This project was a seminar assignment completed in my final year of graduate
school. The seminar explored issues concerning the natural environment
and its relationship to building technology. The assignment called for
the design and construction of a device that altered the way in which
the architecture school's inhabitants would perceive the building's systems
their relationship to the natural environment. My partner, Whitney Hudson,
and I proposed a space within the school that would be supported by and
filled with outside air. The sealed space was essentially an outside space
inside. The point of this installation was meant to question the nature
of sealed, artificially cool/heated environments such as Campbell Hall.
The room also included the projection of 'natural scenes'. By proposing
an outside space inside, my partner and I looked to engage the students
and staff in a dialog about the limitations of conventional HVAC controlled
Albemarle County, Virginia, Fall 2001-present
project, which is currently under construction, is collaboration between
Daggett and Grigg Architects, and Zen Associates, Inc, Boston. The house,
designed for a family of three and their staff, implemented Japanese inspired
materials and forms. In order to balance the client's desire for the floor
space and the Japanese proportions, the mass of the house is broken into
several volumes. These volumes are unified by one-story passage corridors.
The corridors act as a unifying spine, while giving the volumes an independent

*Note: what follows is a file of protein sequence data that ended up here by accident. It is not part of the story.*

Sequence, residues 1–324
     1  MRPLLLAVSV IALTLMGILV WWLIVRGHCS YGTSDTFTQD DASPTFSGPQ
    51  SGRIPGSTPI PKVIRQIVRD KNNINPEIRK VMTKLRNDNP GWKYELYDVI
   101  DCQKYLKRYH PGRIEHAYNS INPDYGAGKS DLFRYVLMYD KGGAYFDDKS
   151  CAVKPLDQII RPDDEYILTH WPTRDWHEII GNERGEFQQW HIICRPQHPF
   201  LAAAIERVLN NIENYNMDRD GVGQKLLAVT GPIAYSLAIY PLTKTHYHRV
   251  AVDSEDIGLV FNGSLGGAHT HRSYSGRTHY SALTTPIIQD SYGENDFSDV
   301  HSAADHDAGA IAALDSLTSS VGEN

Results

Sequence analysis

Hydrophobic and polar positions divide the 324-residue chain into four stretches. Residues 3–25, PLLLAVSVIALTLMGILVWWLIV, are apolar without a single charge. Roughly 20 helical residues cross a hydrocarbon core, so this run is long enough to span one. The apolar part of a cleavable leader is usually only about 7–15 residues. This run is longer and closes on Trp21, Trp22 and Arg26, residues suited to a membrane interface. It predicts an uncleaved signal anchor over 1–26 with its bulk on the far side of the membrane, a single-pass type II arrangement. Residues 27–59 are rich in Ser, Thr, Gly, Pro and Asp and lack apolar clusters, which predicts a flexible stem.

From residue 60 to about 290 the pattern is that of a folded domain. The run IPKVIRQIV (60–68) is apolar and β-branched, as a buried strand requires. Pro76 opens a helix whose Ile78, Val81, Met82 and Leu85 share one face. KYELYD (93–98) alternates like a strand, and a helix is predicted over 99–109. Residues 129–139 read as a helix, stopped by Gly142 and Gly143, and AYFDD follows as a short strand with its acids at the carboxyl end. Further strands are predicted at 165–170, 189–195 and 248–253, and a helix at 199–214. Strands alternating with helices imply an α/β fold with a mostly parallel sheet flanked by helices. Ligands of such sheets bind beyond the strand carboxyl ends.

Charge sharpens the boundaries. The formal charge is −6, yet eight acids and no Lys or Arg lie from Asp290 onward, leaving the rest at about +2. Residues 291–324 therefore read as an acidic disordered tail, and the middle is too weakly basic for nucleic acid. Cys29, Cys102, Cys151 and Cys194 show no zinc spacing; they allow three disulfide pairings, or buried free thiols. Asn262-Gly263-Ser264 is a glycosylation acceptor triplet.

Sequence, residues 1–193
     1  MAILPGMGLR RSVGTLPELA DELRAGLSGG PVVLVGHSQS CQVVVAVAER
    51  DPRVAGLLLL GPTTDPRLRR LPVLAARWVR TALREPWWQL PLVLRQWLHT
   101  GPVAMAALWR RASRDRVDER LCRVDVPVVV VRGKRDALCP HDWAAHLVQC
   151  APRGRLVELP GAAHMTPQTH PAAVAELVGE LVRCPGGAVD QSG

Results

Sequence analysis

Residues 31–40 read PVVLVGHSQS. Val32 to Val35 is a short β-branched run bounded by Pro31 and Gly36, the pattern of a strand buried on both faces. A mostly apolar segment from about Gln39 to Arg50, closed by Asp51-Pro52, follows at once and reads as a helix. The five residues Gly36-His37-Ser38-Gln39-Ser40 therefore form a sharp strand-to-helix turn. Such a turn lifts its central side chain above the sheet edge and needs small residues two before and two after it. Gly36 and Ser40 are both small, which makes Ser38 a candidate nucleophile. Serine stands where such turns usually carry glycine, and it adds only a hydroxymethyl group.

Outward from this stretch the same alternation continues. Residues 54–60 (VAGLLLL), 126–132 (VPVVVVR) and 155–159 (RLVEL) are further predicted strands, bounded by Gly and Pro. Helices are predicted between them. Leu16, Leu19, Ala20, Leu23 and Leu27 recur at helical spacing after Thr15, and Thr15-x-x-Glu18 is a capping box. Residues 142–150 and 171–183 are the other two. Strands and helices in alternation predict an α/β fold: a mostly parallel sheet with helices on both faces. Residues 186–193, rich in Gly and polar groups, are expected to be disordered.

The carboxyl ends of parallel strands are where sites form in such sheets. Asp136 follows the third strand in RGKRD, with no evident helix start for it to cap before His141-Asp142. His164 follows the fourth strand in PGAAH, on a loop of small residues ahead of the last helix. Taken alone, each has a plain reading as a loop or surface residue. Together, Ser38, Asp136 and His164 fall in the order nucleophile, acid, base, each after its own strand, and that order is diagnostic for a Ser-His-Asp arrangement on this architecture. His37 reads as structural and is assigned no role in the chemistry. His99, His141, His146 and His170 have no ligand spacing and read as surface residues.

legibility. The volumes are situated on the site in order to take full
advantage of view and sun exposure.
while with Daggett & Grigg Architects, Charlottesville, VA
Institute: Spring 2001
This project, completed during my final graduate studio, proposed the
siting of a Fashion Institute within and upon a Civil War era fortification.
The fort, located on a beach along the Outer Banks of South Carolina,
is carved into the earth. My proposal sought to accentuate the hidden
vault construction and mass of the fort through light, transparent roof
cladding. Transparent, multi-colored bar volumes intersect to create the
figural expression of the institute on the beach.
Shack: Spring 2001
The beach shack was an introductory project to the Fashion Institute.
The shack is meant to house a flutist along a stretch of beach on the
Outer Banks of South Carolina. The formal expression of the house attempts
to recall the complex system yet basic form of the modern flute. While
the house is, diagrammatically, a rectangle box, its mass is comprised
of several volumes encased with a steel frame. The presence of water becomes
an additional unifying thread for the partitioned rooms.
Evolving Face: The Role of Skin and Surface in late 20th Century Paris
Sarah McArthur Nix Fellowship - Summer
fellowship is awarded yearly to one student within the School of Architecture.
For my proposal, I examined the present experience of cladding and skin
within the city of Paris. Through this research I hoped to establish how
the juxtaposition of surface materials and textures might inform an overall
sensibility towards building within an historic context.